When abnormal cells reach the line of excision, or are present in an endocervical curettage (ECC—a sampling of cervical cells above the LEEP) the margin of the LEEP is called “positive.” When LEEP margins are positive, there is a higher likelihood that abnormal cells are left behind in the cervix, when compared to when the margins are negative. The risk of residual disease (abnormal cells that are left behind in the cervix after the LEEP) is reported to be as high as 25 percent when LEEP margins are positive, as opposed to 11 percent with negative margins. For many women, however, these higher rates of residual disease translate into much lower rates of recurrent disease, and thus follow-up and observation may also be appropriate in selected instances.

Dysplasias of the cervix are extremely prevalent and their appropriate management are key to cervical cancer prevention, therefore well-researched guidelines have been established. NCCN (National Comprehensive Cancer Network) guidelines are highly researched guidelines established by thought leaders in their respective fields. When we look at the NCCN guidelines for positive LEEP margins after a diagnosis of high-grade dysplasia, three management options exist for women. Options include:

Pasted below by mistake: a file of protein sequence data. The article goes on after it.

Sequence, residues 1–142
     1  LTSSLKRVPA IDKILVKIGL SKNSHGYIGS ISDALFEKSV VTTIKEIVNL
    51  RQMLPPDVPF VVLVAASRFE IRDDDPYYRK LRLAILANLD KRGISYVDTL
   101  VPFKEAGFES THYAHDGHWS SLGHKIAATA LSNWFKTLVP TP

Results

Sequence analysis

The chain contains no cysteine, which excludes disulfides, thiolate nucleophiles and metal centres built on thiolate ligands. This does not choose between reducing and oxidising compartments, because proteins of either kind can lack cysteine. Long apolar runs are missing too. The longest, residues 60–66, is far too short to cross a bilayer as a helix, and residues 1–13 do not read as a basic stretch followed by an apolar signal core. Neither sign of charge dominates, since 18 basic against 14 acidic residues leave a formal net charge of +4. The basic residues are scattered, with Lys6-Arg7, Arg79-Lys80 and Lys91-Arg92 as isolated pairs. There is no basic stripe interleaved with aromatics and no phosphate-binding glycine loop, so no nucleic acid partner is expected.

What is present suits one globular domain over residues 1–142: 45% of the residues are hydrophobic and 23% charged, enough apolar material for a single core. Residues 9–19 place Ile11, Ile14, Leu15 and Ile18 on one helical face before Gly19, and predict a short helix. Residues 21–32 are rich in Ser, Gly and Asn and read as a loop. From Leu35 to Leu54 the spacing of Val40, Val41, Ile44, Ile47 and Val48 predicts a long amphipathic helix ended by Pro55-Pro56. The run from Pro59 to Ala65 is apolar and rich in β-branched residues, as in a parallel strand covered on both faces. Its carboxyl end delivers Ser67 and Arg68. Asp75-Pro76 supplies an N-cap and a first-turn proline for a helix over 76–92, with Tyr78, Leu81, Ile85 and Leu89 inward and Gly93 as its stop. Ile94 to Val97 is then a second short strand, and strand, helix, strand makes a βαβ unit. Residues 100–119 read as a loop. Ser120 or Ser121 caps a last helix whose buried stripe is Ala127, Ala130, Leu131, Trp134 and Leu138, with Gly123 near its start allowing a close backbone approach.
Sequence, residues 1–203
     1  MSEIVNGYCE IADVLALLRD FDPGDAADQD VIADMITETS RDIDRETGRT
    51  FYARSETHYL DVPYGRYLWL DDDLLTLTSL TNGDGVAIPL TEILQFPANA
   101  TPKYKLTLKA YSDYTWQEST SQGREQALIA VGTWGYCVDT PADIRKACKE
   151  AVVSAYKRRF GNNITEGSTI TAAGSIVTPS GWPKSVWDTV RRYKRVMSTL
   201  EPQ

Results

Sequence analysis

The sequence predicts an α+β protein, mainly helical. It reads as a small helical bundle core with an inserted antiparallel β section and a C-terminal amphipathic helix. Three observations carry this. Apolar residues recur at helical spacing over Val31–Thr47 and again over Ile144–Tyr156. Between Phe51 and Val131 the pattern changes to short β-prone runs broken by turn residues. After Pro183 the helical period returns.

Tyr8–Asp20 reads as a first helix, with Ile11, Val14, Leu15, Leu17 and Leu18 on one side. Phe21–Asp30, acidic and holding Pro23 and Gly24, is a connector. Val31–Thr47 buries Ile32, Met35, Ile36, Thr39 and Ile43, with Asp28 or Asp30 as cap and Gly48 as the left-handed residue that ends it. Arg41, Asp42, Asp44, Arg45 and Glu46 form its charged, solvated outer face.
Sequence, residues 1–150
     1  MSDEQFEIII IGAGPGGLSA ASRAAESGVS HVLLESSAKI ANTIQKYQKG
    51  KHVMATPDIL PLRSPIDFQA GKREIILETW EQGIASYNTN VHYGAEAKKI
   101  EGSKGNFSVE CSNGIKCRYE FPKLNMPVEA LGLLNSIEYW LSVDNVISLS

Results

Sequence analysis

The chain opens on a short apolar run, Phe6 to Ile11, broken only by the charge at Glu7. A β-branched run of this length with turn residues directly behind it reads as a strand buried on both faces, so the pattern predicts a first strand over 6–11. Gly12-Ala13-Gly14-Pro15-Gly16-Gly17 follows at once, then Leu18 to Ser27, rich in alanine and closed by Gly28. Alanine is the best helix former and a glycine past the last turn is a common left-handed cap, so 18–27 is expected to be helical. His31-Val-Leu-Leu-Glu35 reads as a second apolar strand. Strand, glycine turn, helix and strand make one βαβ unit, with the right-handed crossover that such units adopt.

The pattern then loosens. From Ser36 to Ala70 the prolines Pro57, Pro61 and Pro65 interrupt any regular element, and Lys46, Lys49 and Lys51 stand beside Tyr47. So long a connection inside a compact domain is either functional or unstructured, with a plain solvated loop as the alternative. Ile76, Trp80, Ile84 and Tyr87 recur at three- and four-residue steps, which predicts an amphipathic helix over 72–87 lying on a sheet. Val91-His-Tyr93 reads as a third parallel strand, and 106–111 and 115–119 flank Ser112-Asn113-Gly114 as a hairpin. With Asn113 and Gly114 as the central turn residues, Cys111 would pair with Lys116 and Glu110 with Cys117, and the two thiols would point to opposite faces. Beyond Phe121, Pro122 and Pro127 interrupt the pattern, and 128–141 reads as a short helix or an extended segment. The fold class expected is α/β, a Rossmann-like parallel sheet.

• observation,

• repeat excisional procedure such as a repeat LEEP or conization of the cervix,

• hysterectomy

For some selected women with a positive margin who have not completed childbearing, observation may be reasonable. For women in which the ECC is positive for abnormal cells or in which an invasive cancer is suspected or a concern, a repeat excisional procedure should be discussed. Excisional procedures may include: repeat LEEP, conization (either cold knife or laser) of the cervix, and hysterectomy. The post LEEP geometry of the cervix may preclude a repeat LEEP, or even a conization of the cervix if a large amount of the cervix has been removed with the LEEP and it is now flush with the vagina.

I would encourage our questioner to further review with her physician why he/she so strongly recommends a hysterectomy and why he/she would not recommend a conization of the cervix.  I would encourage any woman to get a formal second opinion with complete record review, if she is not comfortable with a surgical recommendation. A conization, if able to be performed, may be acceptable, and may be even preferable, in order to assure that an invasive cancer is not undertreated with a simple hysterectomy. However, the above information should serve as a source of points for review only, as any recommendation can only be made with a through review of records.